In fact, CSIRO research found prices dropped in 2006. New houses built to a 5-star standard or above were cheaper on average than lower-rated houses by about $5,000 in Melbourne and Adelaide and $7,000 in Brisbane. Other reviews found the move to 6 stars cost less than predicted.
Government assumptions tend to be conservative. They often overlook the capacity of designers, builders, manufacturers and consumers to find cost efficiencies. International evidence shows costs for higher performance have been over-estimated and fall more quickly than policymakers and industry predict.
How to achieve 7 stars on a budget
One reason costs have been less than expected is because construction prices depend on design. When the 5-star standard came in, houses became more compact. External walls and windows (which cost more per square metre than walls) were reduced.
Orientation makes a big difference too. Research has found a difference in performance of 1-2 stars between best and worst orientation. Simply ensuring your dwelling faces the right way (north) can greatly improve performance, or cut the costs of achieving compliance.
House size also affects construction and running costs. Star ratings express the energy demand per square metre, so a big 7-star home will cost more to heat and cool than a smaller 7-star home.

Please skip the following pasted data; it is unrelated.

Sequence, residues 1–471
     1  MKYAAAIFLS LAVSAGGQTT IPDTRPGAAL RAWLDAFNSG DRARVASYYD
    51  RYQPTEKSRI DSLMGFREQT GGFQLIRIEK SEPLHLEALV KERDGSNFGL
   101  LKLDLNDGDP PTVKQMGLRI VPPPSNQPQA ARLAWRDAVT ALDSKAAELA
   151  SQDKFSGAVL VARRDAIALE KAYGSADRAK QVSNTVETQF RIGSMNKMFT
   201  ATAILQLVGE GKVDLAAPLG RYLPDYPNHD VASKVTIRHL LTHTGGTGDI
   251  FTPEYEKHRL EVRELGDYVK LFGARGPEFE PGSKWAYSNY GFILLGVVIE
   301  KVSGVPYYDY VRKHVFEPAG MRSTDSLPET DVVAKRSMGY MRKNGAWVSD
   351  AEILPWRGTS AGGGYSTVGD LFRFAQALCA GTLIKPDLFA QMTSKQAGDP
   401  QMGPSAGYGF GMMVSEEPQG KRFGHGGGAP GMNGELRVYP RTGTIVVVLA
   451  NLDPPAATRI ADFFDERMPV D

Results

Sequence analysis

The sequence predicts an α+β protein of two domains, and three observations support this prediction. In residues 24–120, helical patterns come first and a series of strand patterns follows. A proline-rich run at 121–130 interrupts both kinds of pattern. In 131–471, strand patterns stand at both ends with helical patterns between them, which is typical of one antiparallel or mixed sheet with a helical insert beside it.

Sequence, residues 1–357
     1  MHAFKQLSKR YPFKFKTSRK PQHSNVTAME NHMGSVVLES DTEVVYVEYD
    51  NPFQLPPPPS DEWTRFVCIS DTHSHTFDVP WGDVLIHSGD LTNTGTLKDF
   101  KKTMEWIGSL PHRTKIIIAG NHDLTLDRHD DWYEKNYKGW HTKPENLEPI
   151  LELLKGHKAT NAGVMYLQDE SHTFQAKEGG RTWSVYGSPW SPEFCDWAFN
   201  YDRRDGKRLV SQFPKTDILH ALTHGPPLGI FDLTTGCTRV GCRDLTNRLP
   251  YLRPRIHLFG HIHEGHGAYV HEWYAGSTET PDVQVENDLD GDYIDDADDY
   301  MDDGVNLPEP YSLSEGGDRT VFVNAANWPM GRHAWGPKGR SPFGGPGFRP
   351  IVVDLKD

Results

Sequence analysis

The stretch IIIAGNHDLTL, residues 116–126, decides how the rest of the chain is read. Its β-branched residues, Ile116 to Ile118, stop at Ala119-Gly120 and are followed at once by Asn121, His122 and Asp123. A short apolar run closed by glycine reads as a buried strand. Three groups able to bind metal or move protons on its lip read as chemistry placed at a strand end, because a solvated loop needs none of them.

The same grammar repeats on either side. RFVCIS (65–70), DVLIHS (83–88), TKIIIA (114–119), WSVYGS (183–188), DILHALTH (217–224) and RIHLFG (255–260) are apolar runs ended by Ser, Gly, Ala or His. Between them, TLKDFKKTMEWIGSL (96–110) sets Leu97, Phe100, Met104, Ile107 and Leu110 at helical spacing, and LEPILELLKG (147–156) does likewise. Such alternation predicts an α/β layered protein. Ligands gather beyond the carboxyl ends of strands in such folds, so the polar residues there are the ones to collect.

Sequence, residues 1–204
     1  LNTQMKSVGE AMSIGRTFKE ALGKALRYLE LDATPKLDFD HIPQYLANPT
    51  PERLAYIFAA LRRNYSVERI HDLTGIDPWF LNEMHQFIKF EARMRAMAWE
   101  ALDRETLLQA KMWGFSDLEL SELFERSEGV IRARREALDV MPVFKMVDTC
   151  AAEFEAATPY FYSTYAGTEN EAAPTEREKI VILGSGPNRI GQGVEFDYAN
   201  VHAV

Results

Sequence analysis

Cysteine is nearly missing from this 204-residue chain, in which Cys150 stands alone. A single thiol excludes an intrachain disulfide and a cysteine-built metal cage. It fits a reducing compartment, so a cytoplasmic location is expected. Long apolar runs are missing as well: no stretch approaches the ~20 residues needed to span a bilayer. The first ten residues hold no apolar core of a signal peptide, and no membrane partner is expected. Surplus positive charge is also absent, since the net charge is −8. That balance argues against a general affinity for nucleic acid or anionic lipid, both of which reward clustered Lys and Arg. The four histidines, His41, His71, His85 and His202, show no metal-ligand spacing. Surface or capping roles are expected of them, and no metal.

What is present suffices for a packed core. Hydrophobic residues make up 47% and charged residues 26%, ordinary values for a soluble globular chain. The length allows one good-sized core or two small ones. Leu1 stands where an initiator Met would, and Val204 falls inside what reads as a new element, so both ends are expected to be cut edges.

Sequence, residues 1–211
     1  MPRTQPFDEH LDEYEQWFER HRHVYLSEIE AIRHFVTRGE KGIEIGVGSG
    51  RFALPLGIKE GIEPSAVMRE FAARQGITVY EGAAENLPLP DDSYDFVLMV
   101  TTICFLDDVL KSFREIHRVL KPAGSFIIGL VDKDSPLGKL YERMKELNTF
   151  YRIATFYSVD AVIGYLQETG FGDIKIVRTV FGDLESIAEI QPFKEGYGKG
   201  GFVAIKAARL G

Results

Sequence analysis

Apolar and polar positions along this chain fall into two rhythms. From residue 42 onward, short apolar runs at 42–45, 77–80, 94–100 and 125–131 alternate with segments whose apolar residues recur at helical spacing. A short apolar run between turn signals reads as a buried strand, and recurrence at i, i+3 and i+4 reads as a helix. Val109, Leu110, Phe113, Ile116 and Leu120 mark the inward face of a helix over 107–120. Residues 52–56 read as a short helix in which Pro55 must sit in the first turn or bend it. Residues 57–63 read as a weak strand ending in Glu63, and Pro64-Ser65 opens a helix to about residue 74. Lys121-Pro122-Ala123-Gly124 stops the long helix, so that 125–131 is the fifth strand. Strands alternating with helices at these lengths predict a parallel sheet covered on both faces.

Other basic and low-cost things you can do include adding more insulation (ceiling, floors, walls) and external shading. Windows are also important and the cost of high-performing double-glazed windows will fall as they become the norm.
We don’t have to reinvent the wheel to get to 7-star homes. Online resources such as Your Home already have freely available 7-star house plans.
More than capital costs
Capital costs are just one element of the whole-of-life cost. Running costs depend on:
thermal performance of the building envelope – walls, windows, doors, roof, air-leakage gaps
efficiency of heating and cooling appliances
daily electricity and gas tariffs.
Higher-performing dwellings and all-electric homes with heat pumps will save money and be more resilient in a changing climate. Increasing research shows their financial, social and environmental benefits.
We need to move beyond the narrow focus on capital costs, which are often overstated. We should think about how higher standards improve our quality of life and liveability.
For example, a growing body of research suggests improved energy efficiency can produce more comfortable temperatures and reduce mould, improving respiratory health. And, if that doesn’t convince you, improving a home’s sustainability greatly increases resale value, outweighing any extra capital costs!
This article is republished from The Conversation is the world's leading publisher of research-based news and analysis. A unique collaboration between academics and journalists. It was written by: Trivess Moore, RMIT University and Nicola Willand, RMIT University.
Trivess Moore has received funding from various organisations including the Australian Research Council, Australian Housing and Urban Research Institute, Victorian Government and various industry partners. He is a trustee of the Fuel Poverty Research Network.
Nicola Willand receives or has received funding for research from various organisations, including the Australian Research Council, the Victorian State Government, the Lord Mayor’s Charitable Foundation, the Australian Housing and Urban Research Institute, the Future Fuels Collaborative Research Centre and the Australian National Health and Medical Research Centre.